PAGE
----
Daily market review

United States

A rebound in Apple and other mega-cap technology shares plus semiconductors led equities higher Monday. The Dow Jones industrial index rose 0.4 percent, the S&P 500 0.7 percent, and the tech-heavy NASDAQ 1.7 percent.

Analyst upgrades in share price targets for Apple, up 2.4 percent, and Amazon, up 1.5 percent, helped mega-cap stocks advance, with Facebook up 1.2 percent and Google up 1.4 percent. Last week's weakness in these shares attracted dip-buying Monday. Big tech shares are benefiting from perceptions that the pandemic has accelerated trends that favor these companies, along with investor fear of missing out on their secular growth trend.

Among chipmakers, Taiwan Semiconductor rose 13 percent amid reports Intel may buy chips from TSM to address its own production problems. Materials shares led gainers, with metal miners benefiting from rising precious metals prices. Newmont Mining, a leading gold producer, rose 3.4 percent, and Barrick Gold rose 5.2 percent.

On the downside, oil & gas stocks lagged with oil prices weakening, with drillers like Apache, down 3.6 percent, off the most. Financials suffered as banks continued their declines from last week, and utilities were the worst off.

Among companies in the news, Moderna, the vaccine maker, rose 9.2 percent after getting a second tranche of investment from the US government to support its late-stage clinical trial. On the downside, Hasbro, the toy company, dropped 7.4 percent on a quarterly earnings and revenues miss as its business was disrupted by the pandemic.

These price data reflect observations at 4:00 PM US ET: Dated Brent spot crude oil rose 16 cents to US$43.46, while spot gold rose US$35.54 to US$1,937.47. The US dollar dropped against most major currencies. The US Treasury 30-year bond yield rose 2 basis points to 1.25 percent while the 10-year note yield rose 1 basis point to 0.60 percent.


Equities were flat to lower with sentiment dampened by news of an uptick in reported Covid-19 cases in Spain, France, and Germany, and concern over US-China tensions. The Europe-wide STOXX 600 eased 0.3 percent, the German DAX was flat, the French CAC declined 0.3 percent, and the UK FTSE-100 slipped 0.3 percent.

Travel stocks were among the worst performers after several countries imposed quarantines on travelers coming from Spain. Other decliners included banks, telecom, real estate, oil & gas, and media. Holding up best were basic resources, technology, autos, chemicals, and retail.

Among companies, TUI, the German travel company, dropped 13 percent amid reports it will seek additional German government aid. Easyjet, the UK carrier, fell 8 percent while British Air owner IAG fell 7.9 percent after the UK imposed quarantines on travelers from Spain. On the positive side, SAP, the German software giant, rose 2 percent on an earnings surprise.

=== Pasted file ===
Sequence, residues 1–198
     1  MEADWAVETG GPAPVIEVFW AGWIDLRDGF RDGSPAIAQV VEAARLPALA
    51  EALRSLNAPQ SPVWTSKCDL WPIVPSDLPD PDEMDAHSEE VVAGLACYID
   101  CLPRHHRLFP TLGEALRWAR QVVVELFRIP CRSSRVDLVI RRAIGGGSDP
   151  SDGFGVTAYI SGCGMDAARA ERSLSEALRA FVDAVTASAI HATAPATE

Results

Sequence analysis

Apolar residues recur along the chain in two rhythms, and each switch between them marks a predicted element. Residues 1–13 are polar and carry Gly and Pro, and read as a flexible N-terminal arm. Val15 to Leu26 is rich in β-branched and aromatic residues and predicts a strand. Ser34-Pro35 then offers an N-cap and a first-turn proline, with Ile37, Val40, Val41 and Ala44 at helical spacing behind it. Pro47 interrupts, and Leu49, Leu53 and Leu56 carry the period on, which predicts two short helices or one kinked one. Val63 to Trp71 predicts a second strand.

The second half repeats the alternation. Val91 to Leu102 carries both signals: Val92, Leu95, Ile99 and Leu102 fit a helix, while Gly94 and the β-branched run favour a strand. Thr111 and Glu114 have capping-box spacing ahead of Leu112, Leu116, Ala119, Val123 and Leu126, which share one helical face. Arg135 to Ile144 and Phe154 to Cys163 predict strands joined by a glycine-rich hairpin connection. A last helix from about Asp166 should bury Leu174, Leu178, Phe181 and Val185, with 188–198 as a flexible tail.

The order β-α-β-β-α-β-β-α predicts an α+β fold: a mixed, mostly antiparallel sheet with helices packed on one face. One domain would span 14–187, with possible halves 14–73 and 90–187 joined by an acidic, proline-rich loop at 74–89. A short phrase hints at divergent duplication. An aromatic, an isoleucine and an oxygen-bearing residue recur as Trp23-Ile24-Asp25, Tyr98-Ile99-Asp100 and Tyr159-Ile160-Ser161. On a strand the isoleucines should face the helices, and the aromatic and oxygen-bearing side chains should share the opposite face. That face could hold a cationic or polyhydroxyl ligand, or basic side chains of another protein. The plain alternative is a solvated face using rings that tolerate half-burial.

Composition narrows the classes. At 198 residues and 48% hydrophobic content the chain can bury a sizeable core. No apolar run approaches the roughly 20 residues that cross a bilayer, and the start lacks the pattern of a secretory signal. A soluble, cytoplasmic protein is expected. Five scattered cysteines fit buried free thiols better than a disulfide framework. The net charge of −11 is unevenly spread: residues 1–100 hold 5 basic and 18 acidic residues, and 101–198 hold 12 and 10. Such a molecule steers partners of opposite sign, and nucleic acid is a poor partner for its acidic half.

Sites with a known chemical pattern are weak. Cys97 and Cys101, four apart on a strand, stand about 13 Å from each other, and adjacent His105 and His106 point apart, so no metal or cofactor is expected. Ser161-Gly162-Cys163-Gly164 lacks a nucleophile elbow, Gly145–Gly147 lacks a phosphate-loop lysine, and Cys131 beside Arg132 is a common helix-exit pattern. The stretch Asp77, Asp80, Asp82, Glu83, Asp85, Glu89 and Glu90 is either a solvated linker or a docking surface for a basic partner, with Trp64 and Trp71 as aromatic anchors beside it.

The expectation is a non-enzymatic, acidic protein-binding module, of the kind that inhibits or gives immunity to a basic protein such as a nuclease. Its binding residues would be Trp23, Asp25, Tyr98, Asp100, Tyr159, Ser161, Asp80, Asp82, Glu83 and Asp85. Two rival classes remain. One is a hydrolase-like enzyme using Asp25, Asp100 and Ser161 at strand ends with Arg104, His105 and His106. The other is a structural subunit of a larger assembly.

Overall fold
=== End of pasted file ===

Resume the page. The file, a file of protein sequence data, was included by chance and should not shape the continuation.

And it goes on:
In economic data, German economic sentiment improved for a third time in as many months in July. At 90.5, the overall business climate indicator was up 4.2 points versus June and now stands just 0.4 points short of its pre-lockdown level in February. The July reading was on the strong side of the market consensus.

Asia Pacific

Major Asian markets posted mixed but modest moves Monday, with the regional data calendar doing little to shift investor views and few major developments over the weekend relating to key areas of focus, including the Covid-19 pandemic or US-China tensions. Australia's All Ordinaries index and the Shanghai Composite index advanced 0.4 percent and 0.3 percent respectively, Japan's Nikkei and Topix indices rose 0.2 percent and fell 0.2 percent respectively, and Hong Kong's Hang Seng index underperformed with a decline of 0.4 percent.

Chinese industrial profits dropped 12.8 percent year-to-date in June after falling 19.3 percent in May, suggesting that the impact of the pandemic on the Chinese manufacturing sector is continuing to moderate to some extent, broadly in line with other data. Profits rose 11.5 percent in year-on-year terms in June, picking from an increase of 6.0 percent in May and the strongest growth since March 2019.

Hong Kong's merchandise trade deficit widened from HK$13.7 billion in May to HK$33.3 billion in June. Exports fell 1.3 percent on the year after a decline of 7.4 percent previously, while imports fell 7.1 percent after dropping 12.3 percent previously. The smaller decline in headline exports reflected stronger growth in exports to mainland China and Taiwan, offset by continued weakness in demand from the US, Japan, and the European Union. Officials expect exports to remain "constrained" in coming months, reflecting the ongoing impact of the pandemic and US-China tensions.

Looking ahead*

On Tuesday in Europe, UK CBI distributive trade figures are scheduled. In North America, Case-Shiller home prices, US consumer confidence, and US Richmond Fed manufacturing reports are on tap, plus the first of a two-day FOMC meeting begins.

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